So I started, I was a bit of a renegade, I started inviting and parents to a Child Guidance clinic which back in the day was kind of unheard of we were only supposed to work with the children. So, I started really working with parents and became more systemic in the way that I was working with the family.
[Mary Kay Cocharo] 03:30
And then when I moved back to Los Angeles because I had just been in Houston for the internship and the postgraduate fellowship. When I moved back to Los Angeles. I started realizing that I only wanted to work with the couples. So I went through advanced training, I was certified about 28 years ago and Imago relationship therapy, which is one of the weighting modalities for working with couples.
[Mary Kay Cocharo] 03:57
And then from there also got certified in counter center couple’s therapy. And so, I have these two advanced trainings to work with couples. And unlike a lot of my colleagues who get the MFT after their name and literally get no training in marriage. It’s really a specialty of mine and the subspecialty being premarital counseling, and I also got a lot of training to do that. Through the Catholic Church.
[Mary Kay Cocharo] 04:25
They were referring a lot of couples to me before marriage, so I just kept training. And I like to think that my my office here has been like a living laboratory for me because each couple who’s walked through the doors talking about that door, right so I’ve done a lot of training and supervising and mentoring of other therapists into the field.
[Mary Kay Cocharo] 04:47
therapists who, you know, like me had gone through graduate school and licensure and never seen a couple and never really had much formal instruction on couple’s therapy. So, through training people, I’ve learned more seeing couples, I’ve learned more. And then I do have these two formal certifications.
[Jon Dabach] 05:11
It’s so interesting the way you phrased it. And one common thing that I’ve seen, and it’s interesting because I, I talked to relationship, experts have different ILCs on this show. So, some of them are, a lot of them are therapists like yourself, some of them are divorce attorneys, but the kind of the common thread with therapists that at least I talked to is, there’s a constant desire or a yearning to learn.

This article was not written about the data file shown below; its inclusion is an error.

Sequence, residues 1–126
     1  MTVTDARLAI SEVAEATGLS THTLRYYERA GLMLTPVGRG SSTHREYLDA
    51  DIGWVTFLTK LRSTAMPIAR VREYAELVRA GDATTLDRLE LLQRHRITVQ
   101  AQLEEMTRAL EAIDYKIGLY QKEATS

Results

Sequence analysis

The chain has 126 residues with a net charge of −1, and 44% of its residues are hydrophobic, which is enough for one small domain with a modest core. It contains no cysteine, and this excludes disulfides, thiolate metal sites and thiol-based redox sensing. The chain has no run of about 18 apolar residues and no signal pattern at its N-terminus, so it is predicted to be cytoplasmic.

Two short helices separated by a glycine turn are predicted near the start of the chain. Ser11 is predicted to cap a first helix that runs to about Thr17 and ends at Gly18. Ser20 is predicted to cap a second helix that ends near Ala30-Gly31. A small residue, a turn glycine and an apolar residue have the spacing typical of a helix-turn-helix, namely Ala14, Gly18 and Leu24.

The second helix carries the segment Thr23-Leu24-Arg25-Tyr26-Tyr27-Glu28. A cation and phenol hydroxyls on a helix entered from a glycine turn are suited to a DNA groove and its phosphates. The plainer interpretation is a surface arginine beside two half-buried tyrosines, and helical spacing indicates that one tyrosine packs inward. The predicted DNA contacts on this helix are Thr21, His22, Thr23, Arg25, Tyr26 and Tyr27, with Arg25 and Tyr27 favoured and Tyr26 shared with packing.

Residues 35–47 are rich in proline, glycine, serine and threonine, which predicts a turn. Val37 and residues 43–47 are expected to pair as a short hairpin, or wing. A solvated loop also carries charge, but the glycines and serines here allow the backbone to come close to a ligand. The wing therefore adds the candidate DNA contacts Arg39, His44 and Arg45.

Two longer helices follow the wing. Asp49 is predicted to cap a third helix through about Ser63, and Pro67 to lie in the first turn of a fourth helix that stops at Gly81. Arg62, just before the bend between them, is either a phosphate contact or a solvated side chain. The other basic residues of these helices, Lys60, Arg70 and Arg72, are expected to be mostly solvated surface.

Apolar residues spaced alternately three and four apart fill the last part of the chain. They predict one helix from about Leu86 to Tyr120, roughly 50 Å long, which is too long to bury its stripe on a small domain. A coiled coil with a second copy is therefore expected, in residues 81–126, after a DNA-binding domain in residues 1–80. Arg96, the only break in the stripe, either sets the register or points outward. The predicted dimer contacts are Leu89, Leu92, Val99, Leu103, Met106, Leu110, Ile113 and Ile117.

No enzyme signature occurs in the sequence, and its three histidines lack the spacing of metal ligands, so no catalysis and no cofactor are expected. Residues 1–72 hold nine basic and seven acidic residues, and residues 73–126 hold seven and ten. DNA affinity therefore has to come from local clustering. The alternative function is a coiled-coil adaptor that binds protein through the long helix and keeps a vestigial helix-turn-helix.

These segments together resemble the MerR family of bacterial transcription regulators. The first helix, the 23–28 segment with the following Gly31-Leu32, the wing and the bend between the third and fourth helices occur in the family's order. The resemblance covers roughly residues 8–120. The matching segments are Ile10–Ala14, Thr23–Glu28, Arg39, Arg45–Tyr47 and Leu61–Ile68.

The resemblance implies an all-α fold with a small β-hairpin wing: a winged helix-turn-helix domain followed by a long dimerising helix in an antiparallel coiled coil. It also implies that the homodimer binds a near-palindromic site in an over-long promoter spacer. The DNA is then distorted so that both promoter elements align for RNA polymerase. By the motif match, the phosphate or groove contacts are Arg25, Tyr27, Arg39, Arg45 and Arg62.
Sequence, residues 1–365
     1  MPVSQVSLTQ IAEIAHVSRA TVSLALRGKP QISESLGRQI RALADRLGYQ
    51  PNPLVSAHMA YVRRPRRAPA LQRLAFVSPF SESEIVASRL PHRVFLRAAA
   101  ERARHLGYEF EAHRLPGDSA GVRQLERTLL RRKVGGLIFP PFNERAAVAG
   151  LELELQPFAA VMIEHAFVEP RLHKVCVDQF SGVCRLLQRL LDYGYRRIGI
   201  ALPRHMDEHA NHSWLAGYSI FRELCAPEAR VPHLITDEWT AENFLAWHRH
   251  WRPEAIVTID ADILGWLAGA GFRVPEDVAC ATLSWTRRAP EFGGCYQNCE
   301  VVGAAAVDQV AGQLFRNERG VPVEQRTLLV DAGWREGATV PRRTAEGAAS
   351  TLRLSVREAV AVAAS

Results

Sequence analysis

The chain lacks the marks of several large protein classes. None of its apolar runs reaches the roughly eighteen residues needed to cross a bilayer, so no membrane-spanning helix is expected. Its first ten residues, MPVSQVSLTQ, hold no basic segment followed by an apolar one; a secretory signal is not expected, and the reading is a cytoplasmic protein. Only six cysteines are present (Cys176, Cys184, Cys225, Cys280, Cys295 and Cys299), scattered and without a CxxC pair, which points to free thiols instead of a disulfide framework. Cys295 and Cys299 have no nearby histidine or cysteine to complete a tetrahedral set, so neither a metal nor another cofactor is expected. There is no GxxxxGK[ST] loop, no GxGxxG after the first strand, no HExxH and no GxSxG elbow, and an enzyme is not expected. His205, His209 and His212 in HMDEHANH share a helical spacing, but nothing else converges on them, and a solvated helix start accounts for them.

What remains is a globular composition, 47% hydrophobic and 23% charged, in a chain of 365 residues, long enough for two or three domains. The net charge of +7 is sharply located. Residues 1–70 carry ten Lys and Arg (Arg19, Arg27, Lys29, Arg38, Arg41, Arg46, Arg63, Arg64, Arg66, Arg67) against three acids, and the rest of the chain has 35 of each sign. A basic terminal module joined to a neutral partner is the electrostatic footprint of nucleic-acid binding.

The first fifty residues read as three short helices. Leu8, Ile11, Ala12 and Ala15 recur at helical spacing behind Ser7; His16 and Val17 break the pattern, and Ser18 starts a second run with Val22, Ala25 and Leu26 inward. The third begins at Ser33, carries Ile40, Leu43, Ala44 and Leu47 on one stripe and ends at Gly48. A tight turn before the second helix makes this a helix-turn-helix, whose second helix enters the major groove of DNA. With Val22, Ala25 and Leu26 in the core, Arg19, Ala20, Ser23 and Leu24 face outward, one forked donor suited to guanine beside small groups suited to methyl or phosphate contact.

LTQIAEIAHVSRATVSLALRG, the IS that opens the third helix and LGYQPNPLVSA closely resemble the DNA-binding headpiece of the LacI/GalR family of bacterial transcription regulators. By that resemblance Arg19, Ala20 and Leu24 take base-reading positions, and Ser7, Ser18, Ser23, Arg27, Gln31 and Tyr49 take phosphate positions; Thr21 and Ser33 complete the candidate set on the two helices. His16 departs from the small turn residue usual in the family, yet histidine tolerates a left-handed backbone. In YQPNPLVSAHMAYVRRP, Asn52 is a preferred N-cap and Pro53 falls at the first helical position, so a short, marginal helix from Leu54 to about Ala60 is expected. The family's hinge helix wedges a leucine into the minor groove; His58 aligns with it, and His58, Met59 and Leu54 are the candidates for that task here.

[Jon Dabach] 05:36
So, when you say every couple teaches you something, it’s kind of indicative of the mentality, and probably why you’ve been so successful for over 30 years in the field. You mentioned that you have two specialties. So why don’t you talk a little bit about, you know, why you decided to get a second specialty after having one for so many years?
[Mary Kay Cocharo] 06:00
Yeah, well, they’re not so completely different. And so, it happened organically, John, I was certified as an Imago, relationship therapy therapist, and as you said, therapists are always seeking, they’re always seeking more training, more learning. And, you know, we, we work with humans and humans are endlessly fascinating and ever changing, ever growing, ever expanding.
[Mary Kay Cocharo] 06:24
And so, to really keep up your understanding of how to work with people is, you know, just what therapists do. It’s one of the things I like about being a therapist is that we’re all in this seeking mode all the time. My husband joke says, do we know enough yet you have to go to another. Which really, I think it is the name of the game when you’re a therapist, but a lot of my Imago relationship therapy training was with a woman named Hedy Schleifer.
[Mary Kay Cocharo] 06:55
And Hedy was a master trainer, globally renowned for Imago for many, many years. And she began adding different things from her own thinking her own marriage of 70, some years, her own Judaic tradition, studying Martin Buber who’s an Austrian Jewish philosopher, she started morphing, not the underlying theoretical pinning’s of a Lago, but the methodology, she started shifting the methodology.
[Mary Kay Cocharo] 07:28